Decision coming on Eklutna River Bridge closure
Vakalis to make up mind before summer traffic
A decision whether or not to close the deteriorating Eklutna River Bridge will be made in the next month, Anchorage Municipal Manager George Vakalis said during a public meeting Feb. 23 at Mirror Lake Middle School.
Vakalis said a decision needs to come before the bridge sees increased traffic from summer tourists.
Vakalis gave three options for the bridge at the meeting, which the Municipality held to get public input before making a final decision. He said the Municipality can completely close the structure, close it to vehicular traffic and allow pedestrian traffic and left a third option open to anyone with other ideas.
The roughly 30 in attendance each received a card with room to write in their suggestions.
The Alaska Department of Transportation and Public Facilities imposed weight restrictions on the bridge after conducting an inspection in September 2010.
The maximum weight for a two-axle vehicle is six tons, said John Smith, project manager of the Project Management and Engineering department.
DOT is inspecting the bridge again in May, Vakalis said. Should DOT lower the limit for two-axle vehicles to three tons, the bridge would have to be closed due to federal regulations, Smith said in an interview Feb. 24.
“If it were to drop down to three tons, that would trigger the permanent closure by law,” he said.
The load limit prohibits all commercial vehicle traffic and signs are posted at the bridge located just north of the Thunderbird Falls trailhead parking lot. However, as one resident at the meeting said, “The signage doesn’t mean a thing to the average citizen.”
Municipal traffic engineer Stephanie Mormilo said an easy-to-read sign for the average resident could be posted within a month, but gave no specific timeline for when one would be placed at the bridge. The sign will be moot should Vakalis decide to close the bridge in the next 30 days.
The Chugiak/Birchwood/Eagle River Rural Road Service Area Board (CBERRRSA) has been seeking state money to repair the bridge since the Municipality assumed ownership of it in 1985, said Eagle River Street Maintenance general foreman Mark Littlefied.
When an audience member asked, “Why wait for a failure?” to close the bridge, Smith responded: “It’s a matter of funding.”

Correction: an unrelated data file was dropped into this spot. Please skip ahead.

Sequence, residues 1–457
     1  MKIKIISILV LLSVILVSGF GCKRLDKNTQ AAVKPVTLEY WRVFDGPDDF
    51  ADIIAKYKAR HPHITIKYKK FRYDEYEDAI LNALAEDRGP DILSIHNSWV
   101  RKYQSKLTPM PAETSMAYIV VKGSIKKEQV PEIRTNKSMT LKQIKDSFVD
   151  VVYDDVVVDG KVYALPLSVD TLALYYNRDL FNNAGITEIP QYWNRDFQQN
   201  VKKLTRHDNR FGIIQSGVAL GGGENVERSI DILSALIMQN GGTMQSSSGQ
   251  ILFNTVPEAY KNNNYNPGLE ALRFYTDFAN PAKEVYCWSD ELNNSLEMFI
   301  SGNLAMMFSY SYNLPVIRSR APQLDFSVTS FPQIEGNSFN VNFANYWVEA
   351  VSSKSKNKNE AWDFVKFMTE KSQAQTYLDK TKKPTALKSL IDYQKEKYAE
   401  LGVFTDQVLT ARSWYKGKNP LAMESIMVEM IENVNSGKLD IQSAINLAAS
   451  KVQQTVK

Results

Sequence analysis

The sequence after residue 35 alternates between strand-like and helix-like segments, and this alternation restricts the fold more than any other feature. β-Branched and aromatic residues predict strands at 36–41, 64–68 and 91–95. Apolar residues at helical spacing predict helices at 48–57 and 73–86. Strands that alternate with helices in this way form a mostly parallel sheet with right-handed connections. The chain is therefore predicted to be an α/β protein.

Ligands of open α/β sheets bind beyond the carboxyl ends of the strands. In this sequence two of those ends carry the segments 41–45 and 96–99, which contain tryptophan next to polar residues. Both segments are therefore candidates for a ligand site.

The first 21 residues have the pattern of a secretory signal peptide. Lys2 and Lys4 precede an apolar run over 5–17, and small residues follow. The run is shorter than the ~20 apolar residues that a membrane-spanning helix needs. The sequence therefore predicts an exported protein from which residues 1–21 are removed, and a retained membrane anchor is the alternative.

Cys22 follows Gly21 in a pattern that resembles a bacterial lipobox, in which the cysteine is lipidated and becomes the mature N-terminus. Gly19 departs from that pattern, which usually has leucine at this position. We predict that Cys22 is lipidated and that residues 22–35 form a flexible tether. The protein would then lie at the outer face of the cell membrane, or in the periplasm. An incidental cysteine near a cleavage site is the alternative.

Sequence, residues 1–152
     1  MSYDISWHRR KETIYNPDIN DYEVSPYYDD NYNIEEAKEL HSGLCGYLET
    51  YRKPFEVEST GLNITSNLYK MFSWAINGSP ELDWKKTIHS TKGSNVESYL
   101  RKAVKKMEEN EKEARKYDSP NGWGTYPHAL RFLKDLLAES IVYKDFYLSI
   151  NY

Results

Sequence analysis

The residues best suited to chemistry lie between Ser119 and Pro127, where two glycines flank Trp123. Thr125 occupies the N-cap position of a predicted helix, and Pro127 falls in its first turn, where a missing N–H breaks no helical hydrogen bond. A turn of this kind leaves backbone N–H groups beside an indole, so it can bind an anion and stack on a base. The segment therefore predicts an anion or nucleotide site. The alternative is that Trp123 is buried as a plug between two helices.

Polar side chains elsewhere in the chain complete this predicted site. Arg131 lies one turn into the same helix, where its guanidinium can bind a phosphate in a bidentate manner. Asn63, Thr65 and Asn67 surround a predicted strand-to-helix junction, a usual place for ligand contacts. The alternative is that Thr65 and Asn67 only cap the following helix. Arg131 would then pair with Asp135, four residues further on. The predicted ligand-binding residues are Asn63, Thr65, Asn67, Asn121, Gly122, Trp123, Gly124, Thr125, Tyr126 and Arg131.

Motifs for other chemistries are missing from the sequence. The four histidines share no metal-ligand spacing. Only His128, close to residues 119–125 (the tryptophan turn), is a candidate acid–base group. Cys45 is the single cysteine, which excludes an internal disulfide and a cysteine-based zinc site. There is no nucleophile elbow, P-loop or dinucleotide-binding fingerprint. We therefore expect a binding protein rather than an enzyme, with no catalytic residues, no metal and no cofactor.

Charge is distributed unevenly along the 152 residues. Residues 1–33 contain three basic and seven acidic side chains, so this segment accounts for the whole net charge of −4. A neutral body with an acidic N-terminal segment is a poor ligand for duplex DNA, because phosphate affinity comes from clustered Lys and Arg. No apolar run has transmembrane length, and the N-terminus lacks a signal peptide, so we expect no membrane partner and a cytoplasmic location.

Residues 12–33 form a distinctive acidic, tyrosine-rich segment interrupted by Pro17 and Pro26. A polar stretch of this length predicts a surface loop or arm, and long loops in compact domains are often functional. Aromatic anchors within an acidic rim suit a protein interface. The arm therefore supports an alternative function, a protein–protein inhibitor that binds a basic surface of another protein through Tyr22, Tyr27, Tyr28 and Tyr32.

Assembly chair Debbie Ossiander, of Chugiak, said she’s been working on a solution her entire time in office.
“I’ve been trying to figure out an answer for this bridge for eight years,” she said.
One reason Ossiander gave for the length of time that’s passed without securing any funding for the bridge was most people are unfamiliar with the structure.
“It doesn’t get the red flashing light status,” she said.
Ossiander urged Chugiak-Eagle River residents to attend CBERRSA meetings, as she and fellow Assembly member Bill Starr, of Eagle River, make their road-related recommendations based on the road board.
Ossiander said the past two to three years she’s urged the state to reassume control of the bridge. The state owned the bridge from when it was constructed in 1935 until 1978, when Eklutna Inc. purchased it for $1. Eklutna Inc. sold it to the Municipality seven years later for the same price.
Ossiander cited the Municipality’s lack of bridge knowledge as a reason to return it to the state.
“We don’t have a lot of bridge experts in the city,” she said. “How do you measure it against overcrowding on the Seward Highway?”
Today, the bridge can support half the weight it could when first constructed. A center arch was added in 1950, and it was widened from one to two lanes two years later.
DOT has said replacing the bridge would be cheaper than fixing it. Eight years ago, building a new bridge was estimated to cost $7 million, director of public works Ron Thompson said. An up-to-date estimate was not available at the meeting.
Though weight limits were imposed after an inspection in 1999, the Municipality thought the bridge could be repaired, Smith said. An expert in steel bridge rehabilitation from Pittsburgh consulted on the project, but the bridge couldn’t be brought up to standards and had its funding cut, he said.
“The project basically died,” Smith said.
The potential scenario of having the Eklutna overpass and Eklutna River Bridge closed simultaneously was also addressed.
The overpass’ northbound and southbound supports were damaged in two, separate collisions, DOT chief communications officer Brenda Hewitt said Tuesday, Feb. 28. The repair project is slated to begin this summer, she said, but did not give a specific date.
No one from DOT was present at the meeting.
If only the overpass is closed, Thompson said the Municipality couldn’t endorse letting the state use the Eklutna River Bridge as an alternate route during construction.
“It will not handle the load,” he said.
Contact Mike Nesper at 694-2727 or firstname.lastname@example.org